That leaves Kendall. He has been making the right moves lately — the dialogue with his dead father that he engineered at Waystar’s annual meeting; saving the funeral from descending into chaos with his brilliant eulogy:

On the other hand, while Logan thundered, he either had logic on his side or listened to logic when he was wrong. Kendall flails instead of thunders, making absurd demands with his father in extremis, his wife about to leave town, or his aide calling it quits because he sold his soul to the fascist president-maybe-elect. Kendall’s surprising highs and bizarre lows make him an unlikely leader of Waystar, though he wouldn’t be the first person to flail in the shoes of his father. I’m just not sure it makes dramatic sense.

What does make more dramatic sense, if a bit predictable, is for the three would-be successors to go over the proverbial cliff together. Even if Roman weren’t out because of his meltdown, there are the obscene photos he sent to Gerri. Both Roman and Shiv can block Kendall by exposing that he accidentally drowned a waiter (Season One). Shiv has the cleanest path to succession, despite her pressuring a witness not to testify in the cruise ship scandal in which sexual abuse and possibly murder were covered up by Waystar Royco (Season Two), though she probably needs Matsson, and Matsson has treachery in his eyes.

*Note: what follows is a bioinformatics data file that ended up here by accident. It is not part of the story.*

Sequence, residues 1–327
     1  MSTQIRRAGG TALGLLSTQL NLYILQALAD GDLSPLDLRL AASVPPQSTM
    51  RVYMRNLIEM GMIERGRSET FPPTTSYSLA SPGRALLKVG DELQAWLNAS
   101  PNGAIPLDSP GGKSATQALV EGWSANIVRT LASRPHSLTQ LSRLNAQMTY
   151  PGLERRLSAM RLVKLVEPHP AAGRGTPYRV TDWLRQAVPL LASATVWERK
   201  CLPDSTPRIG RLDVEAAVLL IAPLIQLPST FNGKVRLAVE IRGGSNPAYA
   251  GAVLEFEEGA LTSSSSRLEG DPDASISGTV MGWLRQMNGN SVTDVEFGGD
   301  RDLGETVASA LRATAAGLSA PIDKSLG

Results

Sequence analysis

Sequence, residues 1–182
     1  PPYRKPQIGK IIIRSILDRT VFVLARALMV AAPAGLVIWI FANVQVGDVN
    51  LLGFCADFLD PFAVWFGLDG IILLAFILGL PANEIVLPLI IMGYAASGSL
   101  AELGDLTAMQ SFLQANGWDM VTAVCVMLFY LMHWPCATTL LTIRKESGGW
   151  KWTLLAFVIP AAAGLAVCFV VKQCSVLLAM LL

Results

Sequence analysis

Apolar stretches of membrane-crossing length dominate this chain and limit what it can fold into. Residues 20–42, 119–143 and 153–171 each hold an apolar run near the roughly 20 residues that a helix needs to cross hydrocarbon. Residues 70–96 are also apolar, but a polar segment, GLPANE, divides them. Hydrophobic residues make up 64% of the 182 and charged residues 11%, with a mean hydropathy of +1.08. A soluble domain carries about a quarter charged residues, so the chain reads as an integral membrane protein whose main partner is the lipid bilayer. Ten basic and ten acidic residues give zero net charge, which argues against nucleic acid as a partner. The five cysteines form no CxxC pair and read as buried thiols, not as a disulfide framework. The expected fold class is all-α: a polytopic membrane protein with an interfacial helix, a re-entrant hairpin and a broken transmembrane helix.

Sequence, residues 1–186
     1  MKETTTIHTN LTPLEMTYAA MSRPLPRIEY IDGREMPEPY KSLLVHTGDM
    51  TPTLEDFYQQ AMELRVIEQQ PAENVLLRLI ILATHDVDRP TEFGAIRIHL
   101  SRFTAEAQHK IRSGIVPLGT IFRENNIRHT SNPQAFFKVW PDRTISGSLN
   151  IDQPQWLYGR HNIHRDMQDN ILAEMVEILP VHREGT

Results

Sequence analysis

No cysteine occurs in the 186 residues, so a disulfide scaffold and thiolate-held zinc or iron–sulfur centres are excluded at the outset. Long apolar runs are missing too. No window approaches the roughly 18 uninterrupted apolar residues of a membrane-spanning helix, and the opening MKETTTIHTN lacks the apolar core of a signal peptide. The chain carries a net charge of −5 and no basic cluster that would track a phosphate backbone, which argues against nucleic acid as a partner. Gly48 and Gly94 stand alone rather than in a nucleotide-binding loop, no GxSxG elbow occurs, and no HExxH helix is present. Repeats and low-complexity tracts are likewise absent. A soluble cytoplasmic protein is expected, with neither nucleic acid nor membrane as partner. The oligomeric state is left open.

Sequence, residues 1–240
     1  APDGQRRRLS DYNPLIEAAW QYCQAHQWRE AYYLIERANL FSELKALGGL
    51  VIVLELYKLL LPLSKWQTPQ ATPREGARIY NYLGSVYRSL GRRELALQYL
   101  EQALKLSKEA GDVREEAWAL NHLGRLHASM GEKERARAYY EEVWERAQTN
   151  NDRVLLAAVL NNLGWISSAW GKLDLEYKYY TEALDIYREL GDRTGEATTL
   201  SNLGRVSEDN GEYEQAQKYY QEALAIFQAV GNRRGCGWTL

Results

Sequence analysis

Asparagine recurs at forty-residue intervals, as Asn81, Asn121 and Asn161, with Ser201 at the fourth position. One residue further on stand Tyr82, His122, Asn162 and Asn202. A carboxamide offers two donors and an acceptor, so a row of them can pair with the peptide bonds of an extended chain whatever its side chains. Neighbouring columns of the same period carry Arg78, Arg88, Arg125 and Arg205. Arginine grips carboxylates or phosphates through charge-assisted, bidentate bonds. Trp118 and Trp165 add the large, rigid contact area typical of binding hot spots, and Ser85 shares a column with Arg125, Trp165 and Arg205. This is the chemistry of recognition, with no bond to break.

And if there’s a scandal over how the election was called for Mencken, then they could all go down, including Tom. That gives a bit of power to Greg, though putting him in charge, even as a Matsson puppet, would be a ludicrous way to end the show.

I am notoriously bad at predicting how shows will end, but I wouldn’t be surprised if Mencken winds up as the president and doesn’t block Matsson from taking over Waystar. That would set up a potential new series with two HBO all-stars, Kirk from “Angels in America” and Skarsgård from “True Blood” and “Big Little Lies” playing catch with the soul of America.